I have noticed that there are a lot of places in which people have used subquery within select/from/where or some other clauses. Can you please share some scenrios & guidelines around when to use a sub-query in which clause.
Kind regards, Tushar
I don’t quite understand why this sub query (below) is turning up zeros, rather than purchase rate to question 87. I see from the answer I could have simplified this into one query, but I don’t understand why this way doesn’t work as well? Thanks for your help!
with tabletime as ( select utm_campaign, COUNT(*) AS userscount, Count(CASE WHEN status = 'customer' THEN id END) AS payingcustomers from users WHERE utm_campaign IS NOT NULL GROUP BY utm_campaign ) SELECT utm_campaign, 100 * (payingcustomers / userscount) as purchase_rate FROM tabletime
with reference to chapter “181. Counting app releases per month” & query - “How many releases Bindle had in February, 2018?” - I’m unable to understand on how’s the following solution different from the one proposed in chapter & why isn’t this correct?
SELECT COUNT( distinct app_version) FROM adjust.callbacks where to_char(created_at, 'yyyy-mm') = '2018-02'
With reference to the CTE -
total_users in following query for this chapter, my query is that why isn’t
distinct used with
COUNT(*) AS users_count
WITH spends AS ( SELECT utm_source, SUM(amount) AS total_spend FROM marketing_spends GROUP BY 1 ), total_users AS ( SELECT utm_source, COUNT(*) AS users_count FROM users WHERE utm_source IS NOT NULL GROUP BY 1 ) SELECT s.utm_source, total_spend / users_count AS CPA FROM spends s INNER JOIN total_users u ON s.utm_source = u.utm_source
I tried solving 106 problem using the following query:
SELECT utm_campaign, SUM(amount) AS total_revenue, COUNT(DISTINCT a.id) AS total_users, SUM(amount)/COUNT(DISTINCT b.id) AS ARPU FROM purchases a JOIN users b ON a.user_id = b.id AND a.refunded = FALSE -- WHERE utm_campaign IS NOT NULL GROUP BY 1 ORDER BY 4 DESC
which should be quite similar with the proposed solution, the difference is on the order of FROM clause. I used purchase table before user table and it gives a very different results.
I’d like to understand why is this the case as this is a quite surprising SQL behavior to me.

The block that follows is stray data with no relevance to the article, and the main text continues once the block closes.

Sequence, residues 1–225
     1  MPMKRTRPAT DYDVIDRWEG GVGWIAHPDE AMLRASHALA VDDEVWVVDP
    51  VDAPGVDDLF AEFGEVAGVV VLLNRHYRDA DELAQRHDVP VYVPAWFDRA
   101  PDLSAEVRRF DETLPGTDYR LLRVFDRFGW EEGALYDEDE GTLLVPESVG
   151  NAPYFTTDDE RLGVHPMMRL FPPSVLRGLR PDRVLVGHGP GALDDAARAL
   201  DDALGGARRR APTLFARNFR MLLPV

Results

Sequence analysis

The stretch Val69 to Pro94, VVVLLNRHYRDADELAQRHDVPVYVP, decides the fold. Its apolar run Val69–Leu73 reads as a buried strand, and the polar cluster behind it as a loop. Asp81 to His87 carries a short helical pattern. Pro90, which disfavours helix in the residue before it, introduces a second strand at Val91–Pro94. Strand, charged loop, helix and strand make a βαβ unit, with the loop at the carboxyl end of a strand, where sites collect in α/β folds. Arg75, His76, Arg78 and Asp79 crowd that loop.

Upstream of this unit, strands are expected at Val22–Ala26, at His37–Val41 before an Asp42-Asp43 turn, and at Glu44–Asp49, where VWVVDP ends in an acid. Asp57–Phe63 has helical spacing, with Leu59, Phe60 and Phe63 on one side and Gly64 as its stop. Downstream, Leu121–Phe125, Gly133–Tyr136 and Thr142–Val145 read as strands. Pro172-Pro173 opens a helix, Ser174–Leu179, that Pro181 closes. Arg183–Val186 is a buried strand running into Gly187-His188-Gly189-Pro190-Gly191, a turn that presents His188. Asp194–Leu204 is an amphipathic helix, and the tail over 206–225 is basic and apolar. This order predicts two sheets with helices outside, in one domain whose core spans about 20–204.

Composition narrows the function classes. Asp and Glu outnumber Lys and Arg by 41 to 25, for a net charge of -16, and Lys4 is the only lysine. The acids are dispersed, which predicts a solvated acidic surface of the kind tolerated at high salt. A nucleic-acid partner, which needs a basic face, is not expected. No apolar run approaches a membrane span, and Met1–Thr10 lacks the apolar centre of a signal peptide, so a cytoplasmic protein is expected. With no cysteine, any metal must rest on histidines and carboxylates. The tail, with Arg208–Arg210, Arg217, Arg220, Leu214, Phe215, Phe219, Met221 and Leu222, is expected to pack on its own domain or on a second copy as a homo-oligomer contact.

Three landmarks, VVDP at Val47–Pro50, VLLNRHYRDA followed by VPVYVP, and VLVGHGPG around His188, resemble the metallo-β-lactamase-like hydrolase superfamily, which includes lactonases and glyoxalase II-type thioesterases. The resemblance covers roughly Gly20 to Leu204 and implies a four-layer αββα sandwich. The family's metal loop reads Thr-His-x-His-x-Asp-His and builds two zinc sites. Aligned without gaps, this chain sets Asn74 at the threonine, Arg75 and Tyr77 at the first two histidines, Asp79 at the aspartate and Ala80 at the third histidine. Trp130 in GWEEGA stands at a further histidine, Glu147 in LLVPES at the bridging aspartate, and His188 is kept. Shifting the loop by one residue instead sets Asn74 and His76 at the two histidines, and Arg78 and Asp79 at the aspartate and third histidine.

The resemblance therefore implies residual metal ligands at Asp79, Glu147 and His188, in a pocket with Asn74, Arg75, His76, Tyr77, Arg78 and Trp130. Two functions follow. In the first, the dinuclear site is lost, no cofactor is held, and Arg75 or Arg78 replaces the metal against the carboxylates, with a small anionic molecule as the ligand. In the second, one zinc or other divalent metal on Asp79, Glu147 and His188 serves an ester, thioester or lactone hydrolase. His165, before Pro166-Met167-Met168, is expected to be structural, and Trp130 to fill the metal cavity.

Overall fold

In 105. a great and important point is made in the difference of limiting a query in the join conditions vs. limiting a query in the where clause.
I understand the scenario of why limiting the query in the join condition makes sense (filtering the purchases table to only consider all purchases that were not refunded) and I see how using the where clause ultimately returns wrong output (filtering in the where clause will ignore the ‘negative space’ of all the NULLs in purchase columns for users who did not make a purchase).
I tried challenging my understanding a bit and came up with the ‘b’ CTE below (‘a’ CTE is the correct query as described in the exercise). My question is then: how am I making a logical error in trying to utilise the where clause in the ‘b’ CTE below? As far as I can see, the difference in counts between ‘a’ and ‘b’ is 104 rows (purchases that were refunded?).
WITH a AS ( SELECT SUM(amount) / COUNT(DISTINCT(u.id)) AS ARPU FROM users u LEFT JOIN purchases p ON u.id = p.user_id AND refunded = FALSE ), b AS ( SELECT SUM(amount) / COUNT(DISTINCT(u.id)) AS ARPU FROM users as u LEFT JOIN purchases AS p ON u.id = p.user_id WHERE refunded IS NULL OR refunded = FALSE ) SELECT * FROM b -- SELECT * FROM a /* The 'a' CTE above is correct. I can see that 'b' CTE is not correct, but I'm unable to wrap my mind around why, for the 'b' version, the 'amount' is greater in relation to the distinct user count. */
I’m in lesson 98 “Grouping and counting with LEFT JOIN”, but I noticed something, when doing the following query:
SELECT name, COUNT(user_id) FROM books b LEFT JOIN books_users u ON u.book_id = b.id GROUP BY 1 ORDER BY 2 ASC
You actually get some books with 0 values, because nobody has started reading them. But then for avoiding duplicated values from same users we add the
DISTINCT, however, all books now again have at least a value of 1, I’m not sure why this happens.
SELECT name, COUNT(DISTINCT(user_id)) FROM books b LEFT JOIN books_users u ON u.book_id = b.id GROUP BY 1 ORDER BY 2 DESC
Hi, I’m doing the exercise “Identifying the most popular book in the catalogue”, I actually arrived to the same answers, altough with a little different query, I want to know if my result as pure lucky or is just another way to solve it. My query was:
SELECT name, COUNT(user_id) AS number_users FROM books_users bu INNER JOIN books b ON bu.book_id = b.id GROUP BY 1 ORDER BY 2 DESC, 1 ASC
An the solution was the following:
SELECT name, COUNT(DISTINCT(bu.user_id)) FROM books_users bu INNER JOIN books b ON bu.book_id = b.id GROUP BY 1 ORDER BY 2 DESC, name ASC
Also, I want to know what’s the “general rule” to do inner joins, is there a difference which table I use first and which I join?
I’m doing the “Biggest age group in USA” exercise, however, I was trying to experiment and to a little change in the analysis by trying to visualize the groups by country, but I keep getting an error with the following query:
SELECT CASE WHEN age < 13 THEN 'kid' WHEN age < 18 THEN 'teenager' WHEN age < 25 THEN 'college' WHEN age < 35 THEN 'young adult' WHEN age < 56 THEN 'middle age' ELSE 'older adult' END AS age_group, country, COUNT(*) FROM users GROUP BY 1 GROUP BY country
Thank you all!!
Hi, so I learn better by knowing all the elements of the topic I’m learning, like “the big picture”, in this case I want to know the elements of a SQL query, I have the following:
I don’t know if I’m missing something, also I don’t know how the
BETWEEN - AND are catalogued
Thank you all!